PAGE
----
Sunday, October 27, 2019

Sermon: Genesis 6:9 - 7:24 Mr Noah Built an Ark

I’m sure that Thomas has a few children’s Bibles at home. They normally don’t cover every chapter and verse of the Bible, but instead choose to tell some of the stories found in the Bible. I’m also sure that nearly every one of those children’s Bibles will have the story of Noah. Isn’t it a great story for children? A great big boat, and loads of animals, going in two by two - a floating zoo! So you’ll get lots of colourful pictures and smiling animals of Noah and his ark.

We’re so used to this kind of image that it’s quite a shock to read the Bible’s account of Noah, and think through the details. The reality is less colourful cartoon, and closer to the desperate attempts made by people climbing into containers or trailers in the hope of a better life and a new start. But while those 39 who died on Tuesday morning, were in the trailer through peoples’ greed and wickedness; Noah and his family are in their box, their ark through God’s grace and goodness.

Now, perhaps as you hear about Noah and the ark, you’re thinking to yourself, well, that’s a nice story for a children’s story Bible, but surely it didn’t really happen? Is it more like a nursery rhyme, something that was just made up? Well, the Bible isn’t the only place that we find some kind of flood story. In just about every continent there are folk stories about a worldwide flood. So the cultural memory of what happened has been passed down in some way. And in our reading we hear that Jesus affirms that Noah existed and entered the ark.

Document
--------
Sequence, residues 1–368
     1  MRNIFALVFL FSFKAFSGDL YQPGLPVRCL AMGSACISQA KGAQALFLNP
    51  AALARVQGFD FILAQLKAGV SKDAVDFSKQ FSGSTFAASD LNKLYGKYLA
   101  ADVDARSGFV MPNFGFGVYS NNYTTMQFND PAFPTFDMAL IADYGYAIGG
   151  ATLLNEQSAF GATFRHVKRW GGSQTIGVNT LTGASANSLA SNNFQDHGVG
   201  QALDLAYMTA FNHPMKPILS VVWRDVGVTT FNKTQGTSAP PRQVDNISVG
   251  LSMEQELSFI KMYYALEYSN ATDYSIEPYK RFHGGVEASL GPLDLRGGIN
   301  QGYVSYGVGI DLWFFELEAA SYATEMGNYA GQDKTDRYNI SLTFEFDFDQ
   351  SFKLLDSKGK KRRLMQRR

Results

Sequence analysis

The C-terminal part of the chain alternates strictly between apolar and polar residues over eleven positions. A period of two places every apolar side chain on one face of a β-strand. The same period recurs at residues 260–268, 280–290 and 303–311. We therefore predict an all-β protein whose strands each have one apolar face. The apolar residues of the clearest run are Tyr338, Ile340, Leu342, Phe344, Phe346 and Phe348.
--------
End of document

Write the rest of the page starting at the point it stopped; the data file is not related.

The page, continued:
So let’s look at Genesis 6 and 7 under three headings; three instructions given to Noah; to see what God is saying to us in these chapters.

The first instruction is this: Build The Ark. We’ve already sung about it this morning, but how did it come about? And why was it Mr Noah in the first place? When we start to read from verse 9, it sounds as if Noah is good, whereas everyone else is bad. You see, in verse 9, Noah is described as ‘a righteous man, blameless among the people of his time, and he walked with God.’ And the contrast is there in verse 12, and we think it’s saying that everybody else had corrupted their ways. Noah good, everyone bad?